How Does One Judge the Morality of Human Acts?


Created by God as rational and free creatures, human beings determine themselves and establish their identities as moral creatures through their free choices. We make ourselves the kinds of persons who we are in and through the actions we freely choose to do. As Pope John Paul II put it in his moral encyclical Veritatis Splendor: “ It is precisely through his acts that man attains perfection as man, as one who is called to seek his Creator on his own accord and freely arrive at full and blessed perfection by cleaving to him.” This is the reason why the Catholic moral tradition puts much emphasis on the morality of individual human acts.

The morality of human acts depends upon several factors. Most importantly, the acts have to be freely chosen. Acts that arise from either addiction or reflex — for example, the automatic scratching of an itch — because they are not deliberately and voluntarily chosen, are not subject to moral analysis. We are morally accountable only for those acts that we elect to do. Once freely chosen, however, a human act is either good or bad. Its goodness or badness depends upon three elements that the Catholic moral tradition calls the object, the intention, and the circumstances of the act.

The object of the act defines the act. It is the answer to the questions: What is being done? What good, real or apparent, is being desired? Note that here we are dealing with the moral order. Thus, when we speak about the object of an act, we are speaking about the moral object and not merely the physical object. Thus the object is the specific kind of action chosen by the individual described in moral terms. For instance, if someone chooses to shoot an unjust assailant, the object is not the shooting itself. The object is either the incapacitation of the assailant or the killing of the attacker. In the former case, the act would then be an act of self-defense while in the latter scenario, the act would be an act of murder. In fact, it would be murder even if the agent chose to kill his assailant in order to repel the attack. Other examples of objects include fornication, adultery, theft, almsgiving, and worship of God.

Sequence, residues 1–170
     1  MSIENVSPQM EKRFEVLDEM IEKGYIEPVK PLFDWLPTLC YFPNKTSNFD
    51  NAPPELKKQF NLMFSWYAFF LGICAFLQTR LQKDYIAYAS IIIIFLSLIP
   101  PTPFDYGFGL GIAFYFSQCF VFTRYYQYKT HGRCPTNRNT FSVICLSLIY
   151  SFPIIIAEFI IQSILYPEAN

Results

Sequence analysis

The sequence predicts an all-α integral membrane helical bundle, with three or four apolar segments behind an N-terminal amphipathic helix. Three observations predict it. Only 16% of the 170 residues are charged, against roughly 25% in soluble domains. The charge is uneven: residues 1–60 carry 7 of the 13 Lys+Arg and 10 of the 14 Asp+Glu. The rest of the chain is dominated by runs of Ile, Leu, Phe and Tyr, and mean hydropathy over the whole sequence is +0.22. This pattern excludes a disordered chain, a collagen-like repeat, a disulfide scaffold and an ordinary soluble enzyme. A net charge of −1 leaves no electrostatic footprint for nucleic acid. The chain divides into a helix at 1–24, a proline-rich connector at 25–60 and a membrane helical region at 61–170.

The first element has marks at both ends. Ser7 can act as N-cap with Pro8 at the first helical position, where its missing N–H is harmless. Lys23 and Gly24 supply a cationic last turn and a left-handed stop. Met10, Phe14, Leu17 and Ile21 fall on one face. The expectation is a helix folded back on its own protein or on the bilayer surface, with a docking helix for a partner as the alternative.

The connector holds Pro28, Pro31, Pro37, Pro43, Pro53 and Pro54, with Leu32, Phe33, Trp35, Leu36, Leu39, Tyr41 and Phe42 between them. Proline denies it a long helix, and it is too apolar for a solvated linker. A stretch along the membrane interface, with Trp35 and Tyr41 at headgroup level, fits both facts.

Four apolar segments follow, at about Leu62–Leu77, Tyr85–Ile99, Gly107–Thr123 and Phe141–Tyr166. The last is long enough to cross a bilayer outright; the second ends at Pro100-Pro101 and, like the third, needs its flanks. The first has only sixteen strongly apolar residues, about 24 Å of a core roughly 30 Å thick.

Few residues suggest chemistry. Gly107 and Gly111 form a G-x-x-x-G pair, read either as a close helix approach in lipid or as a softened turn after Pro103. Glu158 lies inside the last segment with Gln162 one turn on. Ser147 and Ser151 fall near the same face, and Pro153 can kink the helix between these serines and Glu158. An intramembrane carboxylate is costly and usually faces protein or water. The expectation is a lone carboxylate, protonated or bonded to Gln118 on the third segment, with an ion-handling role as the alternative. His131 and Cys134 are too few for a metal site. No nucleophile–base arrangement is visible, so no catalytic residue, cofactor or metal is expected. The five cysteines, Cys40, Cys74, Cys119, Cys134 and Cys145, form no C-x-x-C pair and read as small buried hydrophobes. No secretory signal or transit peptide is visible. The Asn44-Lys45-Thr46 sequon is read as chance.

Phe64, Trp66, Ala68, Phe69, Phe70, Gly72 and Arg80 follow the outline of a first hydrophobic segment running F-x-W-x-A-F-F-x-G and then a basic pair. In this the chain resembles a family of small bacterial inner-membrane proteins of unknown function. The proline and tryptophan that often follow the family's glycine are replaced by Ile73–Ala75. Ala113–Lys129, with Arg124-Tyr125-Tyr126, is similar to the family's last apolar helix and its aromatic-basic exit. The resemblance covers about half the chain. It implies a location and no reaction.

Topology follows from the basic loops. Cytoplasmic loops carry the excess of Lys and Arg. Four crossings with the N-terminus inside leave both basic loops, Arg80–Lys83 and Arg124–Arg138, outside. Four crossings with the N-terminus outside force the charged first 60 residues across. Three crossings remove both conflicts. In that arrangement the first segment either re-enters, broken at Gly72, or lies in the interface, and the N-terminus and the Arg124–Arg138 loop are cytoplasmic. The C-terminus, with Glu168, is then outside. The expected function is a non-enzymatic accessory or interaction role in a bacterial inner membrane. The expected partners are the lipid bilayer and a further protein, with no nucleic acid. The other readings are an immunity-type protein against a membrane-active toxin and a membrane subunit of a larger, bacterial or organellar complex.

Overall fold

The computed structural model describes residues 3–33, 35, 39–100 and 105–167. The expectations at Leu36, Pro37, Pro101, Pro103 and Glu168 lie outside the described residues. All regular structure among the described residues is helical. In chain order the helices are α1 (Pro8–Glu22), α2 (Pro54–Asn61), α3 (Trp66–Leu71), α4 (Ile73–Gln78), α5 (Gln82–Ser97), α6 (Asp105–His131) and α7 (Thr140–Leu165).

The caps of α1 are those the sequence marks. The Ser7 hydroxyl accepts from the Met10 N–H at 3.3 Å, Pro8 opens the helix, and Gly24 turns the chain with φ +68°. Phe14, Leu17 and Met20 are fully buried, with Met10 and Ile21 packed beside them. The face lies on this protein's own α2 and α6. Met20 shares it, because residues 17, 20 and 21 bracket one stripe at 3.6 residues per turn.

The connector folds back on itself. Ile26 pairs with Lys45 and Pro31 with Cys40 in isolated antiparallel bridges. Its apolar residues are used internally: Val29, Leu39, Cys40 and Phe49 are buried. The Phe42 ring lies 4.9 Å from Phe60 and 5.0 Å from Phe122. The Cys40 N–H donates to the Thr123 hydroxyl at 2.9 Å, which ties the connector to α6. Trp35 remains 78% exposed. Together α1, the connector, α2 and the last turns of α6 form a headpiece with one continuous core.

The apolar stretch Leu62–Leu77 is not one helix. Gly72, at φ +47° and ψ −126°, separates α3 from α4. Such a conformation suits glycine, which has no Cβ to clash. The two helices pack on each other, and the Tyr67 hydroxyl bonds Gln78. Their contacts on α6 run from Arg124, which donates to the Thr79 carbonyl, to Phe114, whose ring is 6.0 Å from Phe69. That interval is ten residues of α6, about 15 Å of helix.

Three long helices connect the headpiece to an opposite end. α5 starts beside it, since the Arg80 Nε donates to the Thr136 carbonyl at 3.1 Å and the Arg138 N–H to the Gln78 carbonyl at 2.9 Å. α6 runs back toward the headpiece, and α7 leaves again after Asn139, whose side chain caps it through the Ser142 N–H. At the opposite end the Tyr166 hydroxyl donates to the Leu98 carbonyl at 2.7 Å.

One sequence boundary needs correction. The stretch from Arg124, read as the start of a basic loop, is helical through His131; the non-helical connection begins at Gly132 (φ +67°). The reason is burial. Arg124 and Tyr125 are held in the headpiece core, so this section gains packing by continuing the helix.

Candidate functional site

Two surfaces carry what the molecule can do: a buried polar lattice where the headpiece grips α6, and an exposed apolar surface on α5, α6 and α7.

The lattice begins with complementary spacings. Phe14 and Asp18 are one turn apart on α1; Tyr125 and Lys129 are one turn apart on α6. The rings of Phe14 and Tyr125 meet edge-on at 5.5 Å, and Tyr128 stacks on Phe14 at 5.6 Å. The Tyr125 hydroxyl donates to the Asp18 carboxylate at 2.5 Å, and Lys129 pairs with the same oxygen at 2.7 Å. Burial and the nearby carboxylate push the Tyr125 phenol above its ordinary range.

The intention is the reason for which the agent chooses to do something. It is the answer to the question: Why is it being done? For example, a benefactor could give money to a beggar either because he wishes to care for the individual’s needs or because he wishes to be seen and admired by his associates. In the former case, the intention behind the act of almsgiving – almsgiving is the object of the act – is charity while in the latter scenario, the intention of the act is vanity.

Finally, the circumstances of the act specify the manner in which the act is carried out. They are the conditions surrounding an action, which can contribute to increasing or diminishing its goodness or evil and the degree of our responsibility for it. For instance, stealing $10 from a panhandler is a more grievous sin than stealing the same amount from a millionaire. Note that sometimes circumstances might actually add a new moral object to an act. For example, if the stolen object is a consecrated chalice, we now have an additional moral object to the action. It is now both theft and sacrilege.

As the examples given above illustrate, for an act to be good, every element of that act, the object, the intention and the circumstances, have to be good. If even one of them is not in accord with right moral order, then the whole act is bad. In the scenario given above, for instance, it is not enough that the benefactor is giving money to the begger. If his intention was bad – he was giving alms to be admired by his associates – then his overall act is bad.

 (© 2011 Fr. Nicanor Pier Giorgio Austiaco, O.P.)


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